Of all the models evaluated, only the LU1901 model, EGFR-mutant and MET-amplified, was resistant to osimertinib. MET amplification is a well-established resistance mechanism known to bypass EGFR inhibition and impart resistance to EGFR-TKIs, including osimertinib (23). This model was dependent on MET activation alone as no additional benefit of osimertinib addition to savolitinib was observed over savolitinib monotherapy. To note, some recent reports have also described monotherapy MET inhibitor sensitivity in EGFR-mutant patients, suggesting that single-agent MET dependence can also occur clinically in patients (25, 26).

In parallel, to evaluate all the uncommon G719X, L861Q, and S768I mutations, single or compound mutation forms not represented in the two-patient-derived tumor cell lines and the four PDX models, we used an in vitro cellular EGFR phosphorylation assay. In the assay, osimertinib demonstrated potent inhibition against all the uncommon mutations evaluated at potencies comparable to the common activating ex19del and L858R mutants.

Recently, a paper by Ahn and colleagues shows that osimertinib demonstrated favorable activity with manageable toxicity in patients with NSCLC harboring uncommon EGFR mutations (10). Thirty-six patients with uncommon mutations were evaluated, and the objective response rate was 50% with a median PFS of 8.2 months. Although cross-trial comparisons should be performed with caution, the activity of osimertinib seems to be superior against the activating mutations. The objective response rate was 80% with a median PFS of 17.2 months (20). However, larger studies in patients harboring uncommon mutations will be required to evaluate this further.

Overall, we suggest the work presented here, in addition to the first clinical report, provides sufficient evidence to warrant additional clinical testing of osimertinib within this uncommon EGFR mutation population to establish whether osimertinib can offer improved clinical benefit in this important remaining area of unmet need as a differentiated next-generation TKI.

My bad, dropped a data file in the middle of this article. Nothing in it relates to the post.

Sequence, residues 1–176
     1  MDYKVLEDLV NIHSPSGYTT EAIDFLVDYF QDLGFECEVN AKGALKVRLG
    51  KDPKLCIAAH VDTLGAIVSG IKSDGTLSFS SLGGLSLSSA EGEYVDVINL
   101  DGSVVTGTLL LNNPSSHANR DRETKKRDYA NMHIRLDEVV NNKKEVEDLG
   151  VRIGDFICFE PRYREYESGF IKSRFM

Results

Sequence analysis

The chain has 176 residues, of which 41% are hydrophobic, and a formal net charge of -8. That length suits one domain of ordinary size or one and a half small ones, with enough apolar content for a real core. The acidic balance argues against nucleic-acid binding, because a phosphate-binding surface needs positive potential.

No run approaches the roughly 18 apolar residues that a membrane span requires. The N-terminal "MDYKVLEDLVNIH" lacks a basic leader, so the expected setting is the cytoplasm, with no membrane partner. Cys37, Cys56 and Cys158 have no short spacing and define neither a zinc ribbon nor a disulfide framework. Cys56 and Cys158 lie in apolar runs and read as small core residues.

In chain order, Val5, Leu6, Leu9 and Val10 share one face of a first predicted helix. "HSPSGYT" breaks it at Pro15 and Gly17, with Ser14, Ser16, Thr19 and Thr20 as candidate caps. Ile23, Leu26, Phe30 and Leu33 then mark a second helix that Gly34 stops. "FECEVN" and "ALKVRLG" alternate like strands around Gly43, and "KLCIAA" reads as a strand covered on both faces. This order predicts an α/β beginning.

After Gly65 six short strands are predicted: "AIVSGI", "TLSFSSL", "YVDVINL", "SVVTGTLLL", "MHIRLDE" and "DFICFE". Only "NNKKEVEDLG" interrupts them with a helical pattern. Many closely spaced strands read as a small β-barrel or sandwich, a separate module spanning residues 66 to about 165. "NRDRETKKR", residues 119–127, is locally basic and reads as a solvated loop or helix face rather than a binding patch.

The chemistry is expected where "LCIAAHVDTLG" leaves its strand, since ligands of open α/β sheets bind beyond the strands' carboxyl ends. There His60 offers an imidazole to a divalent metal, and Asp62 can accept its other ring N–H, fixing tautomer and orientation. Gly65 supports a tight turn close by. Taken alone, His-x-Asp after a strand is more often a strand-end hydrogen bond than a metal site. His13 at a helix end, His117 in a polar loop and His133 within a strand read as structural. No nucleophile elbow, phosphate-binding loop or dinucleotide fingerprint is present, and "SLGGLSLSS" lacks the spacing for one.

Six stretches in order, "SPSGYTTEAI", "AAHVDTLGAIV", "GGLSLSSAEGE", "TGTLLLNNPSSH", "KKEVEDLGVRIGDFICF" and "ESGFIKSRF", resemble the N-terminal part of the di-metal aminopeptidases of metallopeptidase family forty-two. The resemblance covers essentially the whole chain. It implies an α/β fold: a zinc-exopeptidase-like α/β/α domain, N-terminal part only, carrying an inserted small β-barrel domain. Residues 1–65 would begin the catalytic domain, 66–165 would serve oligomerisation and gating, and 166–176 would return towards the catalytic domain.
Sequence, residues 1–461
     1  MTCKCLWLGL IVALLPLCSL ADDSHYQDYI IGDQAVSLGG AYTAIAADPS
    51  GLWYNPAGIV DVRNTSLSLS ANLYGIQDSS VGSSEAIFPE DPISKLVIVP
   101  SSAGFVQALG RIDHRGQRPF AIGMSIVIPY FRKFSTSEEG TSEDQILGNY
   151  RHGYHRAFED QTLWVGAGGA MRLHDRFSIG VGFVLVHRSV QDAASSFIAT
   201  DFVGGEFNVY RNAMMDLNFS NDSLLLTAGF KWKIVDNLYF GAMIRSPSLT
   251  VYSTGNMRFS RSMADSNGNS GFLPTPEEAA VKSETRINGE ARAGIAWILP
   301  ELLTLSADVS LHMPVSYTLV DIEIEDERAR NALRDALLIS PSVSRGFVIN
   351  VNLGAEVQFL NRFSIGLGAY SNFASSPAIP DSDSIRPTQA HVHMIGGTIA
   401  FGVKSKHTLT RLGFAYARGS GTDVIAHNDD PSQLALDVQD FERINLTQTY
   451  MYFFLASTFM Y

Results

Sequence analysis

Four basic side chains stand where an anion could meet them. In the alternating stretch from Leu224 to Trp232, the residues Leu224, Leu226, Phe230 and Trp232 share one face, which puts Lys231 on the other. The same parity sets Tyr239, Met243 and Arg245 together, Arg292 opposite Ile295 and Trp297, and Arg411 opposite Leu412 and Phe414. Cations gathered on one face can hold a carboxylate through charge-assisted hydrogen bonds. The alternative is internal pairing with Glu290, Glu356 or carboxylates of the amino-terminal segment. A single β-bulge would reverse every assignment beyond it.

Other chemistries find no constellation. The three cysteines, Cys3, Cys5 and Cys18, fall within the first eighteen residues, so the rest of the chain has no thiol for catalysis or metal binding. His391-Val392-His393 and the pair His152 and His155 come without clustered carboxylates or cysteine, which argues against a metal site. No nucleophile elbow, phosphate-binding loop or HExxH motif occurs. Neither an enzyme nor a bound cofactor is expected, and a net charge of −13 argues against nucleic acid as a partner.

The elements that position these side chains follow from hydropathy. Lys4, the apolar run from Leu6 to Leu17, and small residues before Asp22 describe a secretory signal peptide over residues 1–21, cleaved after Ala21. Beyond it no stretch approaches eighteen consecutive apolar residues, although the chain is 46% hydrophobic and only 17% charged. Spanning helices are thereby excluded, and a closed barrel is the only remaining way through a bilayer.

D.A.E. Cross reports personal fees from AstraZeneca (employer) outside the submitted work. B.C. Cho reports grants from Novartis, Bayer, AstraZeneca, MOGAM Institute, Dong-A ST, Champions Oncology, Janssen, Yuhan, Ono, Dizal Pharma, MSD, AbbVie, Medpacto, GIInnovation, Eli Lilly, and Blueprint Medicines (research funding), personal fees from Novartis, AstraZeneca, Boehringer-Ingelheim, Roche, BMS, Ono, Yuhan, Pfizer, Eli Lilly, Janssen, Takeda, MSD, Janssen, Medpacto, and Blueprint Medicines (consulting), personal fees from TheraCanVac Inc, Gencurix Inc, Bridgebio Therapeutics, KANAPH Therapeutic Inc (stock ownership), personal fees from KANAPH Therapeutic Inc (scientific advisory board), other from Daan Biotherapeutics (founder), and other from Champions Oncology (royalty) outside the submitted work. P.D. Smith reports other from AstraZeneca PLC (employee and shareholder) outside the submitted work. No potential conflicts of interest of were disclosed by the other authors.

N. Floc'h: Conceptualization, data curation, formal analysis, supervision, investigation, methodology, and writing–original draft. S. Lim: Conceptualization, data curation, formal analysis, supervision, and methodology. S. Bickerton: Resources, formal analysis, and methodology. A. Ahmed: Resources, formal analysis, and methodology. J. Orme: Resources, formal analysis, and methodology. J. Urosevic: Resources, formal analysis, and methodology. M.J. Martin: Supervision, writing–review, and editing. D.A.E. Cross: Supervision. B.C. Cho: Writing–review and editing. P.D. Smith: Writing-review and editing.

The costs of publication of this article were defrayed in part by the payment of page charges. This article must therefore be hereby marked advertisement in accordance with 18 U.S.C. Section 1734 solely to indicate this fact.